The website has a dashboard detailing the emissions reduction commitments of more than 4,500 companies worldwide, including American Express Global Business Travel, UK’s Reed & Mackay Travel and Australia’s Flight Center Travel Group.
3. Look for accreditations
Finally, travelers can check for independent accreditations, Thornton said.
One of the most rigorous and impressive is the B Corp certification, he said.
“It took Intrepid three years to become a B Corp,” he said.
Other companies with B Corp status include Seventh Generation, Ben & Jerry’s, Aesop — and Patagonia, which Thornton called “arguably the most famous B Corp in the world.”
To get it, companies are rated by the nonprofit B Lab and certification takes three years, Thornton said.
Kristen Graff, director of sales and marketing for Indonesia’s Bawah Reserve resort, agreed that B Corp is the “most respected” certification.
“The other is the Global Sustainable Tourism Council,” she said. “These actually do an audit and are legit.”
Bawah Reserve, a resort in Indonesia’s Anambas Islands, is applying for B Corp certification. The resort uses solar energy and desalinated drinking water on the island.
Source: Bawah Reserve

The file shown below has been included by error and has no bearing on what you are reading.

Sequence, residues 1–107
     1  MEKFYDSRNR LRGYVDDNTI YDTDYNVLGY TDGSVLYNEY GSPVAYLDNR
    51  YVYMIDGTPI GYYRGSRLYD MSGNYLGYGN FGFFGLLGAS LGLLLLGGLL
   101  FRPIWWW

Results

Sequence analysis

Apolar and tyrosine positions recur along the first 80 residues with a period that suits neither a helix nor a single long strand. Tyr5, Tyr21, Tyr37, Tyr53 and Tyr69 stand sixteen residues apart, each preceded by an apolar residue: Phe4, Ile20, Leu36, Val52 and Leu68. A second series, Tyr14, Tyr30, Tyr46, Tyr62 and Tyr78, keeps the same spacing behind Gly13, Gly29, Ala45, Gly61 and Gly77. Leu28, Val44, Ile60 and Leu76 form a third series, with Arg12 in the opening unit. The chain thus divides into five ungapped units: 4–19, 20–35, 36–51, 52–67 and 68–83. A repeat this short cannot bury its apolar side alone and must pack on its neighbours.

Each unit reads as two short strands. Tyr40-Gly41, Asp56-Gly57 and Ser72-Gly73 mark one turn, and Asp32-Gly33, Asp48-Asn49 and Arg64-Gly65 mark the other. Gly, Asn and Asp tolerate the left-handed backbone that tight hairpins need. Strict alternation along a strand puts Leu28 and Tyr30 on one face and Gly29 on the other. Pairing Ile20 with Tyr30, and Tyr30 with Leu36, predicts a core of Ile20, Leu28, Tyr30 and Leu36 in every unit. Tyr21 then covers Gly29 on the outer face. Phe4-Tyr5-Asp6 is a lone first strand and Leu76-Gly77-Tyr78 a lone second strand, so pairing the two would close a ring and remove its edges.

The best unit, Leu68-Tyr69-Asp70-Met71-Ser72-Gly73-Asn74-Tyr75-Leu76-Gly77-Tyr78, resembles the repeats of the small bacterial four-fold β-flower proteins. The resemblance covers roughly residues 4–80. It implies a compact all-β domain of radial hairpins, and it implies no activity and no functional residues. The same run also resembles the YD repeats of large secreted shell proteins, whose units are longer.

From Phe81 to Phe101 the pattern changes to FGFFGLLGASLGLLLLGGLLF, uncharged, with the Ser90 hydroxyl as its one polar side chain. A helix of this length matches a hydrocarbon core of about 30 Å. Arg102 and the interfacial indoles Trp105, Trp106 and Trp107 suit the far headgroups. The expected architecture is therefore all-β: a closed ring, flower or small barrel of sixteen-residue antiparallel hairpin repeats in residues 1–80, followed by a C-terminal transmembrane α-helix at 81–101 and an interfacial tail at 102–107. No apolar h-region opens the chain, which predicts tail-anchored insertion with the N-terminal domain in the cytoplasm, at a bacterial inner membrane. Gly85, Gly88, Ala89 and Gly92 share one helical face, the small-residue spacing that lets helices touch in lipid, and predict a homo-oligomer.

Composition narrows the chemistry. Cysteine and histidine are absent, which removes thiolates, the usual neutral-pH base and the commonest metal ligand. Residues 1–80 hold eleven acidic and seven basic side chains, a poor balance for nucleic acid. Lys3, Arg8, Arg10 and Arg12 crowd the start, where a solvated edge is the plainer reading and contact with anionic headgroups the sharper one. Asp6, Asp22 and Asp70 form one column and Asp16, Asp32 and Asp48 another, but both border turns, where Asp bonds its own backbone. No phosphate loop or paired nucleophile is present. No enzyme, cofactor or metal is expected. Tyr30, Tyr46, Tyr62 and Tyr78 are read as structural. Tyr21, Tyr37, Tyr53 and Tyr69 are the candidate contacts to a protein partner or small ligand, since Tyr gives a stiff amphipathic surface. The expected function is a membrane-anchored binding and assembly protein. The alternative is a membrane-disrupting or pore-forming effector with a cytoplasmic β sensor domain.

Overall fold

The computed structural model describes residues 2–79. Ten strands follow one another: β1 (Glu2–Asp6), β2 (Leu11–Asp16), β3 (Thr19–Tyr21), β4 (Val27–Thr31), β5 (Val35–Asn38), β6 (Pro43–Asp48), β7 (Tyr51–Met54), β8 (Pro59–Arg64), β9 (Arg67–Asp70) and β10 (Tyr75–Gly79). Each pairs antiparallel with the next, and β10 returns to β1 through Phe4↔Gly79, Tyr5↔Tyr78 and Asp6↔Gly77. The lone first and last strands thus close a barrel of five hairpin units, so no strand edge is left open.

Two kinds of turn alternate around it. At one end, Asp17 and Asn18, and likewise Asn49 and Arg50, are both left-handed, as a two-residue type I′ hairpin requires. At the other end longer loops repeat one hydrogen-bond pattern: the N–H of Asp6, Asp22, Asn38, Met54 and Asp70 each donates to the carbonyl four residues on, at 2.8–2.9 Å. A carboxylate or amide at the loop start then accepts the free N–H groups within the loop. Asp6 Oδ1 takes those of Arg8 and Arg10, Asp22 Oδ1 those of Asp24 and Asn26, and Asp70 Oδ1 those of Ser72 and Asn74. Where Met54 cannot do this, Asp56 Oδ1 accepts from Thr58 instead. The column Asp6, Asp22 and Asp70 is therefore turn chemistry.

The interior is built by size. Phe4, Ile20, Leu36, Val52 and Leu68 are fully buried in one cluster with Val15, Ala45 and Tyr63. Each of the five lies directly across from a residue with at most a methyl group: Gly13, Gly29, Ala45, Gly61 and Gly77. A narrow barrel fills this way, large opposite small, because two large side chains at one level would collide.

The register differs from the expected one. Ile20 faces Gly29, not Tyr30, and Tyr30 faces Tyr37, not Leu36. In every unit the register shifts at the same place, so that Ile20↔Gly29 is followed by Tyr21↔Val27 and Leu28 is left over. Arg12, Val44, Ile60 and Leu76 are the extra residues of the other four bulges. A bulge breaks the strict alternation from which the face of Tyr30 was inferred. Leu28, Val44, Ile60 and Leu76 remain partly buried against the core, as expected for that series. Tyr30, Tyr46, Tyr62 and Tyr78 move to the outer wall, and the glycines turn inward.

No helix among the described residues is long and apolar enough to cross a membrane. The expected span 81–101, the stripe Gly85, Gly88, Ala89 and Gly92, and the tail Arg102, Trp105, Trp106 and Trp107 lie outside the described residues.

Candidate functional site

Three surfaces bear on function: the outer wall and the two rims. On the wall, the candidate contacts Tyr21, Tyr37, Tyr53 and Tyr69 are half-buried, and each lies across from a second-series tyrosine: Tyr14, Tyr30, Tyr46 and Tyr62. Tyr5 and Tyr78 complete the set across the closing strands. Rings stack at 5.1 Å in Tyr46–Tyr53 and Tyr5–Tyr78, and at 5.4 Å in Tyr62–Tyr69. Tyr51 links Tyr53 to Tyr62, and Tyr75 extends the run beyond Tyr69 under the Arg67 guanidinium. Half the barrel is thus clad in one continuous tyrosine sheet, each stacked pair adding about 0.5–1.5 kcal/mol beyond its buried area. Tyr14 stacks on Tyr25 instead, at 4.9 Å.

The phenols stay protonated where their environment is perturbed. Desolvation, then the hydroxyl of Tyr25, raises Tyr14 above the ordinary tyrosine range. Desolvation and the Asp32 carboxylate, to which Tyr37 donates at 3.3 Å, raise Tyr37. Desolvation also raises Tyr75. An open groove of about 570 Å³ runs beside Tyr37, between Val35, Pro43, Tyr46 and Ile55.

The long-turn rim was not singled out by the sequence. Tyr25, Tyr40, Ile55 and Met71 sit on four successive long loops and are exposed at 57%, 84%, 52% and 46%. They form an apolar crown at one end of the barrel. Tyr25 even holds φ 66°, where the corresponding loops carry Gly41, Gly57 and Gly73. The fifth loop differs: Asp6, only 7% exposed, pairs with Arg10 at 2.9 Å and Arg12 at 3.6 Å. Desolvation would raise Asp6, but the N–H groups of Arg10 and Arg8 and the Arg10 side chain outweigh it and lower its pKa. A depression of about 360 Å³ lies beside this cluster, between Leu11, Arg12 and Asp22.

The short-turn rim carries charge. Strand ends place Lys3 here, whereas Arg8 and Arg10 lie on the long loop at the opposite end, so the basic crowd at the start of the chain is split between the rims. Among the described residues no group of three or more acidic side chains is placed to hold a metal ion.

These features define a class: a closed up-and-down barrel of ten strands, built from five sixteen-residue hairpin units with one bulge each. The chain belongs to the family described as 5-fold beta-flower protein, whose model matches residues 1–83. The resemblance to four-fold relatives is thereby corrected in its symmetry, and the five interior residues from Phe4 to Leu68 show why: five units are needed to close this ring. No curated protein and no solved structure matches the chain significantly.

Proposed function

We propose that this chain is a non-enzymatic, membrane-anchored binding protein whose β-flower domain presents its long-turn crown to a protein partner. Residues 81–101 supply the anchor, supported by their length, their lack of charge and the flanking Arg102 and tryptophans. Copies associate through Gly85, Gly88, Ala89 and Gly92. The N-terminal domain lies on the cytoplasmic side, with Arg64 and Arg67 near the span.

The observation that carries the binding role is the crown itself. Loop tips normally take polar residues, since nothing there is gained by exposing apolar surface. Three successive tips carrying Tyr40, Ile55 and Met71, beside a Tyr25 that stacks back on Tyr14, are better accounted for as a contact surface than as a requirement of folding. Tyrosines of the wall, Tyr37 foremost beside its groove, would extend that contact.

Other travel eco-certifications are less demanding, Graff said.
“A lot of them are just a racket to make money,” she said.
Bawah Reserve started the process of becoming B Corp certified in November 2021, Graff said. “We expect it to take about a year to complete,” she said.
B Corp uses a sliding scale for its certification fees, which start at $1,000 for companies with less than $1 million in annual revenue.
“The cost is fairly minimal,” said Thornton, especially “if you’re serious about sustainability.”
He said Intrepid pays about $25,000 a year for the certification.
Thornton also advised travelers to ask questions like:
- Do you use renewable energy sources?
- Is the food locally sourced?
- Do employees come from local communities?
- Who owns the hotel?
He said there are places that are considered sustainable but are “actually owned by a casino.”
Finally, Thornton recommends travelers look at online reviews.
“Often a little research on Google … can give you a really good indication of whether a hotel or travel experience is doing what it says it is doing — or if they’re actually greenwashing.”